Bitcoin round-up
Crypto markets remain stagnant, bitcoin emerges as potential new Scottish currency and Doge Vault is hacked. IBTimes UK

The cryptocurrency speculators have taken a day off it seems, as the markets have remained virtually flat for the last 24 hours.

The top five altcoins (bitcoin, litecoin, peercoin, dogecoin and namecoin) all experienced increases or decreases of less than 1% in the past day, with darkcoin seeing a drop of over 3% after a major increase in value over the weekend.

While the markets may have been quiet, there has been a lot of news elsewhere in the cryptocurrency world.

Bitcoin the new Scottish currency?

An experiment is taking place in Scotland this week where one retailer is declaring a "pound-free zone" and only using bitcoin.

CeX Accepted Bitcoin

CeX, which buys and sells second-hand electronics, DVDs, and video games, has also installed Scotland's first bitcoin ATM at its Glasgow store, with commercial director David Butler saying this could be the answer to Scotland's currency problems should they vote for independence later this year:

"With Scottish Independence high up on the news agenda along with questions surrounding what currency Scotland would use, the three day trial will give Scots the opportunity to ditch the pound and trial a different kind of currency altogether."

Pouring cold water on the possibility however is Philippe Gelis, a currency expert and co-founder of foreign exchange trading platform Kantox who said:

"Although perhaps valuable as a publicity stunt, the idea that cryptocurrency has the potential to take over from the pound in an independent Scotland has a fundamental flaw – Bitcoin cannot be classified as a currency."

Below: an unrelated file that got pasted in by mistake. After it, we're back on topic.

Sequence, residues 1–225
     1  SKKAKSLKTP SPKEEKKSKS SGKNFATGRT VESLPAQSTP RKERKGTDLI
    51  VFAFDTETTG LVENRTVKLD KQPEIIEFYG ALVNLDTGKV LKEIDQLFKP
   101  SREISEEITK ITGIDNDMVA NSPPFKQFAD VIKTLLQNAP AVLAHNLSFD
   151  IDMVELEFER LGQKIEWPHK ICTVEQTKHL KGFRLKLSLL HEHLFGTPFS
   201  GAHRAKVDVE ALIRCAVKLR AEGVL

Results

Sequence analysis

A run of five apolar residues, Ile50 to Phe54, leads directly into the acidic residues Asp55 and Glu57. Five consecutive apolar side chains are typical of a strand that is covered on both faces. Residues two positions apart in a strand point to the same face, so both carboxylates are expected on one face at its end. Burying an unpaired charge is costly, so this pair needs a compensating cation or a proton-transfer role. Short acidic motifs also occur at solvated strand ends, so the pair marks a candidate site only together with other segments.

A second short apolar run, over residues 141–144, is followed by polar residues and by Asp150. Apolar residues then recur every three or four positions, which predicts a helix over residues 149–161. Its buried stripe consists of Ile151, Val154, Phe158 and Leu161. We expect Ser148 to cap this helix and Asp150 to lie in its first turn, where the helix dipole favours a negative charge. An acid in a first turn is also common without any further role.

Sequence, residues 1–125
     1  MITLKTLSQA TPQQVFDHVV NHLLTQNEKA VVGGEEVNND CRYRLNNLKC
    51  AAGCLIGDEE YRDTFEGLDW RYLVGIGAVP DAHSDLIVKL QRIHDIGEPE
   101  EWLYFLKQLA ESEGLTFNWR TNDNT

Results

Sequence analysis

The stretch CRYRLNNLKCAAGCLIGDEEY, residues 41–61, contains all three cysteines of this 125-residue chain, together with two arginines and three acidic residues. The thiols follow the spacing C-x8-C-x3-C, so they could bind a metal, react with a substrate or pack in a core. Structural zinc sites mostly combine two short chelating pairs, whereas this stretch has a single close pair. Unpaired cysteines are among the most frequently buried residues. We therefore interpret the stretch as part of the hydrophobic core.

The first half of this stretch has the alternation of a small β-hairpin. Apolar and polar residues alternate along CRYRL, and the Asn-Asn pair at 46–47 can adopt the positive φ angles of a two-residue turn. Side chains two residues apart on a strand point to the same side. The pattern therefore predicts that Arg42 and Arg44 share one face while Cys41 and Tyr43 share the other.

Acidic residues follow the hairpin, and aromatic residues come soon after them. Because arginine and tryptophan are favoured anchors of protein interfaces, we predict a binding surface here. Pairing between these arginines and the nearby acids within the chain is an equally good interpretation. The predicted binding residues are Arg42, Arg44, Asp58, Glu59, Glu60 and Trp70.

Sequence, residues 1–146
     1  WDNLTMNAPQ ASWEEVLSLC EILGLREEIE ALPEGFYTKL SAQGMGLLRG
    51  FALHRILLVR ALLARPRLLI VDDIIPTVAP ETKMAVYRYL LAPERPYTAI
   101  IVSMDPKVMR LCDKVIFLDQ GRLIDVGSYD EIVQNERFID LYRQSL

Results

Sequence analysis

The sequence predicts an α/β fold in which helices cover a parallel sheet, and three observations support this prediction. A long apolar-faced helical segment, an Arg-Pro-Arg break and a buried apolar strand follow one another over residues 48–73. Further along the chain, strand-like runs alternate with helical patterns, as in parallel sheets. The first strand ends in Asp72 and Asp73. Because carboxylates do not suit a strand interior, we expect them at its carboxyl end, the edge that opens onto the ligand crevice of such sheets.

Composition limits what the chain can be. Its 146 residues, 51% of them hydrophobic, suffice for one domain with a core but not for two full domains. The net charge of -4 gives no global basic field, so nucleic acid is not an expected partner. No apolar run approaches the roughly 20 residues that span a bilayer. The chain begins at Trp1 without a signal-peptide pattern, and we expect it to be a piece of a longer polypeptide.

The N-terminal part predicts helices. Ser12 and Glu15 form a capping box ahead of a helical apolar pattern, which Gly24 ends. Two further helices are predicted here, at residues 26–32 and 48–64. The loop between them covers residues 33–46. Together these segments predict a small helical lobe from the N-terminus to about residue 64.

Popular Dogecoin wallet service hacked

Despite being seen as the friendly cryptocurrency, one where those using it are not out to make a quick profit, it doesn't mean it won't be a target for cybercriminals.

On Tuesday Doge Vault, one of the most popular dogecoin wallet services, confirmed it had been hacked on 11 May, and having been alerted to the breach, shut down the service on 12 May.

The administrator of the account has yet to reveal the extent of the attack, both the number of accounts compromised and the amount of dogecoin stolen.

An updated statement is expected within the next 48 hours.

Bitcoin Foundation resignations

Bitcoin Foundation Logo

The Bitcoin Foundation, which is hosting the Bitcoin 2014 conference in Amsterdam this week, has seen 10 of its members resign at frustration about the "general direction" of the organisation.

The Foundation's mission is to help the bitcoin community "exchange resources and ideas more freely" but annual member Patrick Alexander wrote on the group's forum:

"So far, the track record of prominent Bitcoin Foundation members has been abysmal. I know that most foundation members are probably swell people and are not like this. However, the actions of a few have overshadowed us all unfortunately."

Alexander stated in the posting that he was terminating his membership and since then nine others have followed suit. The Foundation has hundreds of members including companies and individuals.

The resignations come days after the Foundation announced the controversial appointment of Brock Pierce to the organisation's board. Pierce is a former child actor and dot-com entrepreneur who is looking to rebuild MtGox.

The controversy surround decade-old allegations of possessing child pornography, sexual misconduct and embezzlement which continue to haunt Pierce.

Pierce is the latest controversial board member, following MtGox CEO Mark Karpeles and BitInstant CEO Charlie Shrem.

Bitcoin Foundation forum administrator Brad Wheeler responded to Alexander, outlining the way the foundation operates and why there was little to no vetting of members.